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Fractured: Undermining Broomfield

Posted: November 2, 2017 at 11:17 am by , in Breaking News, Elections 2017, Featured, Morning Magazine

Like many other communities along the Front Range, Broomfield is dealing with how to regulate oil and gas activity.

Dan Glick, a reporter with The Story Group, an independent multi media group in Boulder, has been working on a series on fracking along the Front Range. His latest piece, Fractured: Undermining Broomfield, has just been published at ColoradoIndependent.com. Glick researches the money being spent to defeat a citizen led ballot measure on fracking in Broomfield, question 301, and how efforts by the oil and gas industry to defeat the measure are straight out of a playbook that has identified several Colorado communities as targets for this type of big political spending.

 

 

Excerpt of Fractured: Undermining Broomfield:

Broomfield resident and psychologist Lois VanderKooi was relaxing at home earlier this month after a long day working in her private practice. She spread out on the couch, picked up her phone, and started rotating through the five Words with Friends games she plays with her brother and old college friends. Suddenly, an ad popped up: “Say NO to more political division. Say NO to the threat of lawsuits. Say NO to Question 301.” The ad invited VanderKooi to watch a video and sign up for more information.

She moved on to her next game.

VanderKooi, who describes herself as a “preacher’s kid” from the Midwest who has lived in Colorado most of her adult life and in Broomfield since 2002, can’t figure out how she was targeted for these ads. She had recently become involved with supporting Question 301, a citizen-driven ballot initiative on the Nov. 7 ballot. Question 301 is yet another effort on the part of Colorado communities to exert some control over the large industrial oil and gas operations that are steadily encroaching on schools, playgrounds, water sources, and subdivisions across the Front Range. The 301 initiative seeks to amend the Broomfield Charter to provide local elected officials the power to insist that any proposed oil and gas development near residential areas prove that the industrial activity will not affect residents’ health and safety before granting approval to drill.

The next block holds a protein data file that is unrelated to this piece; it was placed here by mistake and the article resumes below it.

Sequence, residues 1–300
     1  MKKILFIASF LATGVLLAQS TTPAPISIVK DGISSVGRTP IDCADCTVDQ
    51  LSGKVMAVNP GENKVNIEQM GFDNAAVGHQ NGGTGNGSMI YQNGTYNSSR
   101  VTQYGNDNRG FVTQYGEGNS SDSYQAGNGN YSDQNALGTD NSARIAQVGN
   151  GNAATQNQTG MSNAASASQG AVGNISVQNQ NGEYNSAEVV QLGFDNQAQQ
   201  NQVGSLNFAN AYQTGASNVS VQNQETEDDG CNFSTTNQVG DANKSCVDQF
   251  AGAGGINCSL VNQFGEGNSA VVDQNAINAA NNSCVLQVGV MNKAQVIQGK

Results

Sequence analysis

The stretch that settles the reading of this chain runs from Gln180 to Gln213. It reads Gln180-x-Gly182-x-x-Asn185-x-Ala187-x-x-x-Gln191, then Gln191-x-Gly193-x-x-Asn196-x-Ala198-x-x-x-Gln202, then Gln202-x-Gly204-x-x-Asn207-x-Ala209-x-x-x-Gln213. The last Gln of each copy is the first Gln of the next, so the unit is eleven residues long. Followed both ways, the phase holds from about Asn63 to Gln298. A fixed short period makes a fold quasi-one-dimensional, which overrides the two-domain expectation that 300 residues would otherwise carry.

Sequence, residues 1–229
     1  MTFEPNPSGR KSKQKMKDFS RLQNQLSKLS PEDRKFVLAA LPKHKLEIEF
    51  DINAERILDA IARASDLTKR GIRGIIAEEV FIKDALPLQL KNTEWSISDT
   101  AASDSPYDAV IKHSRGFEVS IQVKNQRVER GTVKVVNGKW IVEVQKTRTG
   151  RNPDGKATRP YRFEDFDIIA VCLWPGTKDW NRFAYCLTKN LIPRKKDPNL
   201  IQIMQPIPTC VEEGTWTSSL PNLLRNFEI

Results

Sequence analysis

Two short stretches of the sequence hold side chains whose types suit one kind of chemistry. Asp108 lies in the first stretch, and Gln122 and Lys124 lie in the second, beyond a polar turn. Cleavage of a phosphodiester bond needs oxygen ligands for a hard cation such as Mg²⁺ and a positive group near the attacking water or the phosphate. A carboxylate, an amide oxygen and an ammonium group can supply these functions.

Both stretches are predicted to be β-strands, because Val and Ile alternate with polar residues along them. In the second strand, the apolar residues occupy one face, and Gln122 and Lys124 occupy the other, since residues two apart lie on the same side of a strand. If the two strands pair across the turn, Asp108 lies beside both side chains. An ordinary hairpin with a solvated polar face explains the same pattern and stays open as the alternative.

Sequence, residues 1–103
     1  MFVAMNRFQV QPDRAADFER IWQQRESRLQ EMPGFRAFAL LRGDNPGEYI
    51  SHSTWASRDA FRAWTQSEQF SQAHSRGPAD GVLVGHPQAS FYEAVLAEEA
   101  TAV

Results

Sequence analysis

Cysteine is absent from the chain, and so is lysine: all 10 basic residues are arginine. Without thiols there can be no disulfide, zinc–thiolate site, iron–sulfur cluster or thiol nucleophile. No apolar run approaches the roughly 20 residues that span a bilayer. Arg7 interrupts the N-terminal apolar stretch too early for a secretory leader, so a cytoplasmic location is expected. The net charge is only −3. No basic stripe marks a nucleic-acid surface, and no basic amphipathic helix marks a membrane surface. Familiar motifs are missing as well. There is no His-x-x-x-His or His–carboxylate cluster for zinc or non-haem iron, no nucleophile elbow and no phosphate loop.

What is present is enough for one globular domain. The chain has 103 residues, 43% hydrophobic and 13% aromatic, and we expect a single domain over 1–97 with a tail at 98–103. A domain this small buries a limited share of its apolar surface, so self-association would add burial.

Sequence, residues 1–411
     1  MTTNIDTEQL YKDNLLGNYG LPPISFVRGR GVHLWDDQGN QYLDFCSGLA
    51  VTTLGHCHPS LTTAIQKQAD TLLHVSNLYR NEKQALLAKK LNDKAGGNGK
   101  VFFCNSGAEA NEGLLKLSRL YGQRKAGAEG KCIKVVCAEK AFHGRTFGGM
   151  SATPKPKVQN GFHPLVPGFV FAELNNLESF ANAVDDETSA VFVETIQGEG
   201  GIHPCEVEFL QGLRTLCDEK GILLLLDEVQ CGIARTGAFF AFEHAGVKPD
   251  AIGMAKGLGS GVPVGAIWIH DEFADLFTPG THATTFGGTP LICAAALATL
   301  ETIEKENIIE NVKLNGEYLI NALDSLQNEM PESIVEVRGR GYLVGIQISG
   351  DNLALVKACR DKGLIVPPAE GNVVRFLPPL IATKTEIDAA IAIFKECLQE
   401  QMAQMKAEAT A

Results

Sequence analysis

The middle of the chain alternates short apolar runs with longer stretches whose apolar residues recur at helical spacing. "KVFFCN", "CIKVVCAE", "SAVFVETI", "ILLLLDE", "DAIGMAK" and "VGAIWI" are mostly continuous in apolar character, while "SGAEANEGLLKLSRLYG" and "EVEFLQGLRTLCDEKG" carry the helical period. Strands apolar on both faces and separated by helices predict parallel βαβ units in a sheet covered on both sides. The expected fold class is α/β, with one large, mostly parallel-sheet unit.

In what has become a familiar election-time ritual in the state, Question 301 is being aggressively – and expensively – opposed by the oil and gas industry.

Targeted ads are a fact of life for most internet users these days, but the Words with Friends pop-up still unnerved VanderKooi, who realized then that the industry not only had big money at its disposal, but was willing to spend it on some very sophisticated techniques. She had recently participated as a member of Broomfield’s “Oil and Gas Comprehensive Plan Update Committee,” a group of citizens tasked by Broomfield council members to make recommendations regarding proposed residential oil and gas development in this suburban enclave of 65,000 residents halfway between Boulder and Denver. The soft-spoken VanderKooi has experienced heightened tension, including heated exchanges, between industry and residents as she has become more involved in the community’s fight to limit hydraulic fracking close to homes and the city’s planned drinking water reservoir.